A few thoughts following the Scottish referendum

1. Scotland made the right decision.

2. Labour under Ed Miliband is looking considerably weaker than before the referendum. Cameron probably ended up being a more persuasive advocate for the union than Miliband. Miliband has neither a ‘heartland’, a community who would identify with him, as did Wilson, Callaghan, Smith and Brown, nor the personality to build a wider English following, as did Blair. I do believe Sadiq Khan, Tom Watson (who has written an interesting response to the referendum) or Simon Danczuk would all make stronger leaders (if they would want the position).

3. Never have the Liberal Democrats looked more insignificant, despite the fact that they are the second largest party at Westminster representing Scottish seats.

4. Two people to have come out reasonably well from the campaign, and who have been underestimated, are Gordon Brown and George Galloway. Brown should attempt a come-back as First Minister of Scotland, and more widely his legacy should be re-assessed.

5. ‘Scottish workers have more in common with London dockers, Durham miners & Sheffield engineers than they have with Scottish barons & landlords’ – Scottish miners’ leader Mick McGahey in 1968 on Scottish separatism vs working class solidarity (as quoted = by Ken Livingstone).

6. I don’t see why the unemployed and those on low pay in devastated communities in the North of England – or in inner city London – are any less worthy of special treatment than the Scots. Trying to divide these communities on grounds of ‘nation’, as Salmond + co do, is cynical and pathetic.

7. The whole devo max package was a last minute panicked reaction to one poll showing the ‘Yes’ camp in the lead. Major legislation like this should not be rushed through without all the consequences being considered. This will now utterly dominate the legislative agenda up until the election, and will have a major effect upon the election itself.

8. The West Lothian question will not go away, nor should it. Labour are burying their heads in the sand over this, retreating to their comfort zone when they need more English votes to win an election. They could trump Cameron by giving a firm commitment to a German-style federal system, which would utterly transform British politics.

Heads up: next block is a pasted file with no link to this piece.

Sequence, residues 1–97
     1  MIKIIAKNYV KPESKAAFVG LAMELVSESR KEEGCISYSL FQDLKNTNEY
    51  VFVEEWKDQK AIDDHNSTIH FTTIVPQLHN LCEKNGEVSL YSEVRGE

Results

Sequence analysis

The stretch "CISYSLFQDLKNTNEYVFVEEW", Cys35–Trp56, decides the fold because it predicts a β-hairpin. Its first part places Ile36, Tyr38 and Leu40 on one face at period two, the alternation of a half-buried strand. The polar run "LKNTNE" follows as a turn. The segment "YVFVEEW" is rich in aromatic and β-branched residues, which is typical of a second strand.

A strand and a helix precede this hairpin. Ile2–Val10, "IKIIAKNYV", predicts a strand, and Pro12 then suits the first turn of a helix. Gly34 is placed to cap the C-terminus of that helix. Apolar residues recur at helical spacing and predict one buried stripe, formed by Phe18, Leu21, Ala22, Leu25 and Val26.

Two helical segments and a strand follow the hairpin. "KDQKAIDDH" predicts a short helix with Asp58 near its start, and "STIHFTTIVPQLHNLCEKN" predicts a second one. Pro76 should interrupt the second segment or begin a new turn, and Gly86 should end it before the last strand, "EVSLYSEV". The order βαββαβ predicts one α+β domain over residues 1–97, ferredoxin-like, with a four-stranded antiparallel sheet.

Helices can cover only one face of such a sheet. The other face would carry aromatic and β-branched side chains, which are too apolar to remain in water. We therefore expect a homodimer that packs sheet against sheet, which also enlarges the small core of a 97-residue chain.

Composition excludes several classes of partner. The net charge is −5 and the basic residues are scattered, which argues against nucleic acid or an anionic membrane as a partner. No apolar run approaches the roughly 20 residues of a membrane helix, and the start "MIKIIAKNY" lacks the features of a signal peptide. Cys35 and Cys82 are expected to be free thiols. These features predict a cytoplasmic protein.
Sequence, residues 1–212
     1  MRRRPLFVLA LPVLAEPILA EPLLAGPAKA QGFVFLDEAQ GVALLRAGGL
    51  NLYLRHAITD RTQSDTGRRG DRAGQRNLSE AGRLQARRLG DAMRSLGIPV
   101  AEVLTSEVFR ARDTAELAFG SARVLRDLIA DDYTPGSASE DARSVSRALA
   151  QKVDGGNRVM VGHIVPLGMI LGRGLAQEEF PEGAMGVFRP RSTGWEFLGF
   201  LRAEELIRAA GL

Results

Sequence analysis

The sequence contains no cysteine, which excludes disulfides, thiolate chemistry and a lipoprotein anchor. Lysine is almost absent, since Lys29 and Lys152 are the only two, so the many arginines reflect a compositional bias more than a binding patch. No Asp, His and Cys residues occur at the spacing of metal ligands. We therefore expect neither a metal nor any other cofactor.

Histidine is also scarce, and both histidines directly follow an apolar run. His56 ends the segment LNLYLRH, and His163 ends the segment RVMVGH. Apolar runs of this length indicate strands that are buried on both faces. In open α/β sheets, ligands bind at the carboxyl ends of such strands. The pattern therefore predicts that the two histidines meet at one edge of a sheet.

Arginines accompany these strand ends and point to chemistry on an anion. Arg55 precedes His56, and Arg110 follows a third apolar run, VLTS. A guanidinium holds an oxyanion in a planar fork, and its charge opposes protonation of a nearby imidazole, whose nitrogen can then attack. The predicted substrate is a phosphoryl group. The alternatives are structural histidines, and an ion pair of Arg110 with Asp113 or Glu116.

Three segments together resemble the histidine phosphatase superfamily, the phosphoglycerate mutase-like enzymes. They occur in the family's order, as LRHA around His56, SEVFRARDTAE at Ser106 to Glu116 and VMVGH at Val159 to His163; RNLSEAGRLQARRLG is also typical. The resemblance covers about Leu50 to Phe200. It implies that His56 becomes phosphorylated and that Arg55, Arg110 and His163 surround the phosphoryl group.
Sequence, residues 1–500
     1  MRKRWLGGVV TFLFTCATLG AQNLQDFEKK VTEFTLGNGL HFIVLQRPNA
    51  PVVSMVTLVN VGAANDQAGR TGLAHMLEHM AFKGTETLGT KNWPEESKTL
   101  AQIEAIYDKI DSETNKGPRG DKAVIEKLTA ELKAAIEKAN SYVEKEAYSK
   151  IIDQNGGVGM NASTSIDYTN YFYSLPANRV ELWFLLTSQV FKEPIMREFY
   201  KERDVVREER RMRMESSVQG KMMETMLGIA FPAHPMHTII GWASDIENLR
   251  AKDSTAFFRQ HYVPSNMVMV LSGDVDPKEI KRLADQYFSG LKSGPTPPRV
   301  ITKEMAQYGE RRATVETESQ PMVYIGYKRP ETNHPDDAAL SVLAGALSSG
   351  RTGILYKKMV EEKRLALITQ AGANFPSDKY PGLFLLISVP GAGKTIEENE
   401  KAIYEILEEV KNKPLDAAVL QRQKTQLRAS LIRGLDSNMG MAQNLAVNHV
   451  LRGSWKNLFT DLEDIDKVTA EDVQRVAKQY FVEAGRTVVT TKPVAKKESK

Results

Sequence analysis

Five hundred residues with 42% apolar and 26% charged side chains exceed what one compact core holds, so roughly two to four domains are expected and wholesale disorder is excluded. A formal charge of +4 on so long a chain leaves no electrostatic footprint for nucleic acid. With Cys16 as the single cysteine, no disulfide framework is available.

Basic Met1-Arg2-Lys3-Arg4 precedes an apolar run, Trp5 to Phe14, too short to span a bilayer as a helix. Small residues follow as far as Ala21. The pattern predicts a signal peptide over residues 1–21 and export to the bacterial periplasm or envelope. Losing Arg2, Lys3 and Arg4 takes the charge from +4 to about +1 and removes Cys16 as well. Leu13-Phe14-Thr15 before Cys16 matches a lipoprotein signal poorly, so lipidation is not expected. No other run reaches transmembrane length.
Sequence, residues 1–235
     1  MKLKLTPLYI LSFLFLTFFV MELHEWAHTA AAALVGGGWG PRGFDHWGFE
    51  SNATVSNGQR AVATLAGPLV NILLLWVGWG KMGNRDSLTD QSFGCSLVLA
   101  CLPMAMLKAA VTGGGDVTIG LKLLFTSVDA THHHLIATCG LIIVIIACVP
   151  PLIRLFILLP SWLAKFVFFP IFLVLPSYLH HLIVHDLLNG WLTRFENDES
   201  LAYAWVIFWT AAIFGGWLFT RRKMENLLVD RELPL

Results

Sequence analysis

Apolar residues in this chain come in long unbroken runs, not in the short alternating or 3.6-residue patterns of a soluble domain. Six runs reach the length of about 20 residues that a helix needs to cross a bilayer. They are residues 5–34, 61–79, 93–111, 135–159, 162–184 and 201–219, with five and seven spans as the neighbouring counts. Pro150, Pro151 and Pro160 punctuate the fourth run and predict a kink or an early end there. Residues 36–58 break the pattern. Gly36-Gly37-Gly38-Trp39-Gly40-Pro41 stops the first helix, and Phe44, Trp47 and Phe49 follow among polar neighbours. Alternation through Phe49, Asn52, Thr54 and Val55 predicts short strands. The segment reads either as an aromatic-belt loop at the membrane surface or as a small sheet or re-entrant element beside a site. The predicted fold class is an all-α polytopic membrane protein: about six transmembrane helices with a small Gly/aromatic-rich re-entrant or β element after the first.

9. A new variety of the West Lothian question: why should those in Glasgow be able to be exempt from various aspects of policies determined in Westminster, but those in Newcastle not?

10. The borders between England, Scotland and Wales are pretty meaningless anyhow, as are most nation states. There is however some logic in the whole of Great Britain being a unified entity because of its geographical nature.

11. One of the worst elements of the campaign was the presenting of a Manichean struggle between ‘Scotland’ and ‘London’. London is simply the capital city, where MPs meet. Many Londoners are just as much the victim of successive governments’ policies as those in Scotland. In an independent Scotland, would it be any more fair to attack the people of Edinburgh, because Hollyrood is there? The article linked to earlier by Tom Watson makes much of the chasm between the City of London and Scotland – and the rest of the UK, and how that chasm was allowed to increase during the Thatcher years. But this is about capital and its concentration, not about Londoners in general. Hating people because they happen to come from or live in the most international city in Europe, London (I don’t come from the city originally, but have lived here for 21 years), is the worst type of politics.

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